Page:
McMann began world building and never truly finished. She starts the novel with the Purge, never building up to it or the reason for it (as the Hunger Games did) and only references Quill in flashbacks/backstory, or through Aaron's POV, which is too infrequent to understand how that society functions and why it's like that. I wanted to learn more, but by the time we get around to the magical school concept in chapter 3, it had switched to a military mindset that did not jive well.

The story is a bit odd, and most of the plot doesn't feel like it sticks. Every time I want to dive deeper, the story ejects me with some concepts or plot device that comes out of nowhere. Even the villains or antagonistic characters are not truly set. None of the character's motives seem real. We don't understand why Justine does what she's doing. I find that nearly every character has an underdeveloped purpose that either continues to change, or is so set without reason to back it up.

I mean, why are Alex and Aaron so alarmingly different? Why does non-creative have to be evil?

I think if McMann had given us a few chapter's in Quill before the Purge to set up some of the characters and showcase the differences between Alex and Aaron, I may have enjoyed the book a bit more, or at least, I would have understood it better.

This book demands a strong suspension of disbelief without anchoring the reader into the world being built. And maybe if we didn't get so many character's POV's I would have enjoyed it more. The book tries to develop too many characters and too many plot structures at once without buildup.

As someone who has a sibling (though for argument's sake we are not twins) I cannot understand why Aaron would hate Alex as much as he does. I don't understand his motives. And when we learn a bit about what he wants, it doesn't feel real. Like a bad movie villain. No set up, no motive, no purpose.

I could never hate my sister enough to want to kill her as Aaron does for Alex. Especially without provocation. McMann writes Aaron's hatred for Alex as a given, something we should accept. Does Aaron solely hate Alex because he is an 'Unwanted'? That is what it appears like in the story. It just doesn't make sense.

I think that my dislike for his character alone is a reason why I do not want to continue reading. I'm not sure that the second novel will further intrigue me to this world.

I may try to read this novel again in the future. Maybe a second read will make me feel better about it, but I doubt it. This book left me wanting more from it that was just not there, and I am not confident that the second book in the series will give me what I'm looking for, a slower pace and better built world that dives deeper into the characters motives and ambitions. Or a better set up for Aaron's character, which just confuses me.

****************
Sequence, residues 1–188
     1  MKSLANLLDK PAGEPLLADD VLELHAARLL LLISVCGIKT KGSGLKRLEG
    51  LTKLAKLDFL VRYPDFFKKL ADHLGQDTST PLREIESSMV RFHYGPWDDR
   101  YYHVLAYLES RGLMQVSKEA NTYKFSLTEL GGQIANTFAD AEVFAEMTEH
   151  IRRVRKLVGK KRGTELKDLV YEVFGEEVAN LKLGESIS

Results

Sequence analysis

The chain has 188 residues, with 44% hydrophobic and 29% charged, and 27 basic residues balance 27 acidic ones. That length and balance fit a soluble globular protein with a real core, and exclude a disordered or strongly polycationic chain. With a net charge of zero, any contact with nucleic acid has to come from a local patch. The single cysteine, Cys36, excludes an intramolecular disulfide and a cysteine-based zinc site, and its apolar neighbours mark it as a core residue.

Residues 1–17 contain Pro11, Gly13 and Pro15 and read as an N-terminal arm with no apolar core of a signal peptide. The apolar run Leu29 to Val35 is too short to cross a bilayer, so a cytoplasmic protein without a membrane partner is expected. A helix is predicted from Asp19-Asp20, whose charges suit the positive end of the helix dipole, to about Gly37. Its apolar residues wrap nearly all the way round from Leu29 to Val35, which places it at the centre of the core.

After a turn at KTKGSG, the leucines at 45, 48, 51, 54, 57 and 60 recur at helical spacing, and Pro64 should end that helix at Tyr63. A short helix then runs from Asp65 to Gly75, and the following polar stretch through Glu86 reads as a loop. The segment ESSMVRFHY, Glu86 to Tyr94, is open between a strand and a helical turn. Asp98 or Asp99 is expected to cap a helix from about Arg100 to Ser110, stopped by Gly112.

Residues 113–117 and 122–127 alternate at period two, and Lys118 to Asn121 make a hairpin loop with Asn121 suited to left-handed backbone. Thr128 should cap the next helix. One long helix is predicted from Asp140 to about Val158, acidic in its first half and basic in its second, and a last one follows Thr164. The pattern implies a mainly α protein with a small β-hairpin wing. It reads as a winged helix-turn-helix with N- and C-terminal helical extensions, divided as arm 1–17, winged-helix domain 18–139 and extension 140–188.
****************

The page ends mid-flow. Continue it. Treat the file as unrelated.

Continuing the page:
Overall, the novel was a bit darker than I anticipated but most importantly too flat for me to enjoy it to continue. Undeveloped world building. Flat characters with little motivation or attachments which translates to readers that are not invested in them (including the main character, Alex). No suspense for the reader as the third-person omniscient narrator takes out all the surprise. The story is dumbed down and given as a tell rather than show. The lack of description adds to the faults above. And the pacing/novel set up leaves much to be desired. Too many questions and practically no answers. No set up for plot and a rather boring resolution.

I hope that other's may enjoy the book more than I had, but I don't really think that anyone that comes from reading the Hunger Games or Harry Potter is not going to really enjoy this book as the teaser description says.

I wish it had been better. The concept was good, but it fell short on delivery. It just needed more....everything.

If you are looking for novels with something of a similar style I will gladly point you in the direction of these books:

The Hunger Games by Suzanne Collins
The Harry Potter Series by J.K. Rowling
The Giver by Lois Lowry
Fareinheit 451 by Ray Bradbury
Divergent by Veronica Roth

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  • emma
  • 12-02-13

a great listen for kids

Would you consider the audio edition of The Unwanteds to be better than the print version?

kept the kids rivited in the car, didn't hear a peep on a long motorway drive. in fact, they were desperate to get moving again to hear more! I'd call this a "page turner"

What other book might you compare The Unwanteds to, and why?

it would appeal to the Harry potter type audience, eg boy discoveres a magic world he never new existed - and turns out to be quite special!

Which character – as performed by Simon Jones – was your favourite?

the old man is definitely my favorite!

Was there a moment in the book that particularly moved you?

when the children are sent away and considered "unwanted", and the lack of reaction from the families

Any additional comments?

a nice story and a good read to keep the kids entertained